Recent attempts by the city of Sao Paulo, Brazil's and South America's largest urban agglomeration, to develop a novel approach to disaster mitigation and planning through the establishment of its Centro de Gerenciamento de Emergencias provide an interesting case for examination. Here, what began as an ambitious plan for disaster mitigation and response ultimately evolved into a much more limited project. Why did this happen?
The case study developed here, which draws on both archival and interview data conducted in the field in both Toronto and Sao Paulo over a five-year period from 1997 to 2002, attempts to shed considerable light, not only on the relative importance of particular success factors as cited by Velasquez et al. as inhibiting effective disaster planning, but also on the inter-relationship of such variables and their potential effect on the success of this and similar projects throughout the developing world.
Disaster Planning in Sao Paulo
As Latin America's largest urban agglomeration, the greater Sao Paulo area (population 18 million) has frequently been affected by adverse natural and, frequently, man-made events. Rapid industrial growth has contributed to increasing air and water pollution, which have severely compromised the health of citizens. In addition, windstorms have felled trees and destroyed businesses and homes, and populations have been threatened by the relatively unregulated transport of hazardous goods in urban areas.
With over 3,200 kilometres of rivers and streams running through it (SIURB 2003, 12), one of the most serious problems facing residents of Sao Paulo is flooding. By 2002, over 1,000 areas of risk had been identified by the municipal government. These include both major arteries and side streets, airport runways and rail lines, residential neighbourhoods, parks, and especially areas near the city's principal rivers, the Pinheiros and the Tiete. Typically, the summer period (November to March) has brought the heaviest rainfalls and associated casualties and loss of property (Marta afirma que 2002). With nearly 70% of the population resident in self-constructed dwellings, and nearly 20% resident in favelas (shantytowns) located on hillsides, under bridges, and along riverbanks (Santos 1996, 231-236), an unusually large percentage of the population has been routinely placed at risk by this hazard (see, for example, Numero de vitimas 2003).
Flooding and other types of catastrophic events are not, of course, a new phenomenon. Yet, despite yearly repetitions, associated losses of life, and damages estimated in the billions of Reais, Sao Paulo--like other jurisdictions in Brazil or elsewhere in Latin America--has been slow to act to deal with the problem. In a speech opening a world congress on municipal administration in 2002, Worker's Party mayor Marta Suplicy laid the blame for this lack of action on previous municipal administrations, as well as the state and federal lawmakers who had failed to deal effectively with problems related to risk factors such as housing (Marta afirma que 2002).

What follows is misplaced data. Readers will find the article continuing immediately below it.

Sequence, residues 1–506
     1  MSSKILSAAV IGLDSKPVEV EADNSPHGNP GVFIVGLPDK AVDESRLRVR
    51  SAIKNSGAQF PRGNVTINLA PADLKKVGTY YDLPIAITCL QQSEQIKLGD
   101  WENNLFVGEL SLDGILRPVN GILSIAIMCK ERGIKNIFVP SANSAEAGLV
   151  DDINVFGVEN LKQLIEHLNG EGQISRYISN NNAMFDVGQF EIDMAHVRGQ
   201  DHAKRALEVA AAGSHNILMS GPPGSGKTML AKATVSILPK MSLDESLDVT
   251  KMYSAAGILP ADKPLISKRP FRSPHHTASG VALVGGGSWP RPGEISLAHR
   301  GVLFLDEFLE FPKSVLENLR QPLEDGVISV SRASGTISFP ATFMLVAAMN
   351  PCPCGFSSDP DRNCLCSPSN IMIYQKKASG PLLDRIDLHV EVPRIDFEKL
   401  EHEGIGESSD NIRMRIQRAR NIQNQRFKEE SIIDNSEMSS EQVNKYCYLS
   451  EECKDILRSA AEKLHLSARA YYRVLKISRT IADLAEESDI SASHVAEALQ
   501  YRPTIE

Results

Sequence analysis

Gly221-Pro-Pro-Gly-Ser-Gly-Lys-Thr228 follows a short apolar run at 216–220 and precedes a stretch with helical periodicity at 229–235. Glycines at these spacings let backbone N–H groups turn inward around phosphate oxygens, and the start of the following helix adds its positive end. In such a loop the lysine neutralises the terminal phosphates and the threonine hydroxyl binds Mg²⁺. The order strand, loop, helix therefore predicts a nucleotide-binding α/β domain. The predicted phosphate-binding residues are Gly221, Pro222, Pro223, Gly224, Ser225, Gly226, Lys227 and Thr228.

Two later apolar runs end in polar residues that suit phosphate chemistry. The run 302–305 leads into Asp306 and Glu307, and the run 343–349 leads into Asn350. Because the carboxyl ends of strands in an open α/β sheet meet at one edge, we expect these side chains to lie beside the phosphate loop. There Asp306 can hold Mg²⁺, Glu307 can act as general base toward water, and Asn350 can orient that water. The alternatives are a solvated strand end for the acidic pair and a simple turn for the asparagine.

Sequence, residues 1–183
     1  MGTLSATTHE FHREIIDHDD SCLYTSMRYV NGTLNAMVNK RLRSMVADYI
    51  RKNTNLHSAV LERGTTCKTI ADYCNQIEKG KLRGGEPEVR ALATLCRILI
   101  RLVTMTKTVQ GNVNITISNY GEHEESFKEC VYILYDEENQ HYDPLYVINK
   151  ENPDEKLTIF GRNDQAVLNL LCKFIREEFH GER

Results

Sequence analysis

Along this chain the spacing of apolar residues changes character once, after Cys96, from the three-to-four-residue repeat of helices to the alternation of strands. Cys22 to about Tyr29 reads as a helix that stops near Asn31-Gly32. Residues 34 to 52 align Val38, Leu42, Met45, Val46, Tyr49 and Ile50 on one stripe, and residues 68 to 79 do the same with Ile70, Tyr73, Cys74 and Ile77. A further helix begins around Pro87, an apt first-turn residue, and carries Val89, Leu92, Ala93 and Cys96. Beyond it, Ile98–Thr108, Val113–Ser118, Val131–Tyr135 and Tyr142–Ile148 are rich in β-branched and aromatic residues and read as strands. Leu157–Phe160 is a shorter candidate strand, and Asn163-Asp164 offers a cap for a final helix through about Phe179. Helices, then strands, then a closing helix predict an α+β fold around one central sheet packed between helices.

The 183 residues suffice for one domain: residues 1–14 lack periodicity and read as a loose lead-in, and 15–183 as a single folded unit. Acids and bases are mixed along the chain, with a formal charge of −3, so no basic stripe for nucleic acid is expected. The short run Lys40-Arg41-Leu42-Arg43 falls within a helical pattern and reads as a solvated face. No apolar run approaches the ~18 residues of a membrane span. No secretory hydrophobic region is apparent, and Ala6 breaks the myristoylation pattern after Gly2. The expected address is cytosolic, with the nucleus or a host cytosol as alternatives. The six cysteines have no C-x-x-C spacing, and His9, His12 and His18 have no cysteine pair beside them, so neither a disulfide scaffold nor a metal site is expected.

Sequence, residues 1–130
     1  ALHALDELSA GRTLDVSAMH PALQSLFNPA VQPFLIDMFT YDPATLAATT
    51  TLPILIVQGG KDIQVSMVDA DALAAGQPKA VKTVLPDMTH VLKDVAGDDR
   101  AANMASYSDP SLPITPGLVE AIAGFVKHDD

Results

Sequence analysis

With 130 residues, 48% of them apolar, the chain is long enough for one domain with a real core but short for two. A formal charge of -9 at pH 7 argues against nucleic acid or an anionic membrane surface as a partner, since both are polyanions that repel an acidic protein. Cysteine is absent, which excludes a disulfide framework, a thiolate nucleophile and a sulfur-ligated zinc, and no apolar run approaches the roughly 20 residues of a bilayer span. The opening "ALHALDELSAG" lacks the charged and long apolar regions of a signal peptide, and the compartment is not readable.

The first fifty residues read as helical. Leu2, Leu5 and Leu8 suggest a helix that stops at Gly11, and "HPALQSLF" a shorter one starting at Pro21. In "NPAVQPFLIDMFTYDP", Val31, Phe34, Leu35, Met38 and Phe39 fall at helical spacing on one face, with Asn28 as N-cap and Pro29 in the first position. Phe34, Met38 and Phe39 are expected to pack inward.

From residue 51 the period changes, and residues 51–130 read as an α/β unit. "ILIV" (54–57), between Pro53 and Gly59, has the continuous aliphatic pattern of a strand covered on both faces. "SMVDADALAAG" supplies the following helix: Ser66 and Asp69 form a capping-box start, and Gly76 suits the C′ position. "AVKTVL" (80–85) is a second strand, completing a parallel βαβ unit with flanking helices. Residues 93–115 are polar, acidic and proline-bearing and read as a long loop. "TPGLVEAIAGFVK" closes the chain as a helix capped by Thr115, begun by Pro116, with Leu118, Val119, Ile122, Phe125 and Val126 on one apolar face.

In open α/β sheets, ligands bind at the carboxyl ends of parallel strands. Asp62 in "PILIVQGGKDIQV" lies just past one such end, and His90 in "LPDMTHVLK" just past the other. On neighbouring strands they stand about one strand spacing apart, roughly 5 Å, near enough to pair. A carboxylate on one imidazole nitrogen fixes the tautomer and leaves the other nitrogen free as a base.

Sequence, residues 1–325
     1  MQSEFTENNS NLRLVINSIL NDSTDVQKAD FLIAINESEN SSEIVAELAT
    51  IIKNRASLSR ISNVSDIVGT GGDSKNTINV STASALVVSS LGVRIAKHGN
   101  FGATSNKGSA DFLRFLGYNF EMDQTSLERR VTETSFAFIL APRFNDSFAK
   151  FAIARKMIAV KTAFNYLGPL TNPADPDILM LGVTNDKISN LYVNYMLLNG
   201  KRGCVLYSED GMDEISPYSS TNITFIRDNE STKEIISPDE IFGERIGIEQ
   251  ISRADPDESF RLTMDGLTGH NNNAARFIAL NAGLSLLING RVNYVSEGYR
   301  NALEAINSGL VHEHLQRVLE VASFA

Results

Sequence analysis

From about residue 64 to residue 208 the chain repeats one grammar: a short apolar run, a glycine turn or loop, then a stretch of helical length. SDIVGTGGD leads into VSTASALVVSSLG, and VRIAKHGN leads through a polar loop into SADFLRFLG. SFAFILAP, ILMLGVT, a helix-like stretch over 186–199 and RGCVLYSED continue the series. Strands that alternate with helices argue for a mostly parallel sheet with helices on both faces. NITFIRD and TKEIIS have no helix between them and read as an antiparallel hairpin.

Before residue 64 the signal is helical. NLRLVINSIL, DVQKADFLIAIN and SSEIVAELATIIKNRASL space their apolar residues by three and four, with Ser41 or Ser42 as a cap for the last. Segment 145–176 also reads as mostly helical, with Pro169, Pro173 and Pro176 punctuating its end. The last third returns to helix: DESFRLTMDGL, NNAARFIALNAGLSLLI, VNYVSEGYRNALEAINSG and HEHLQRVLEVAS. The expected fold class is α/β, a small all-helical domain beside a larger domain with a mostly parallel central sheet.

In fact, Brazil, its states and municipalities do possess very well documented emergency management plans. Established in 1995, Brazil's Politica Nacional de Defesa Civil (National Policy on Civil Defence) provides a detailed framework for the achievement of four specific objectives: (1) the establishment of a permanent mechanism for disaster planning; (2) the minimization of damage and assistance to affected populations; (3) early response to disasters; and (4) the establishment of a civil defence system. Under point 4, the Sistema Nacional de Defesa Civil (SINDEC, National System for Civil Defence) was created to establish a hierarchy of disaster response extending downward from the national to the local community level (Secretaria Nacional de Defesa Civil 1995, Sec. II).
Under this system, responsibility for disaster mitigation and response falls to the Conselho Nacional de Defesa Civil (CONDEC, National Council for Civil Defence), which is made up of representatives from the relevant ministries and administrative departments. CONDEC operates through an administrative structure, the Departamento de Defesa Civil (DEDEC, Department of Civil Defence), which in turn oversees a hierarchy of agencies at the regional level through the Coordenadorias Regionais de Defesa Civil (CORDEC, Regional Coordination of Civil Defence), at the state level via the Coordenadorias Estaduais de Defesa Civil (CEDEC, State Coordination of Civil Defence), and finally, at the municipal level through the Coordenadorias Municipais de Defesa Civil (COMDEC, Municipal Coordination of Civil Defence) (Secretaria Nacional de Defesa Civil 1995, Sec. III).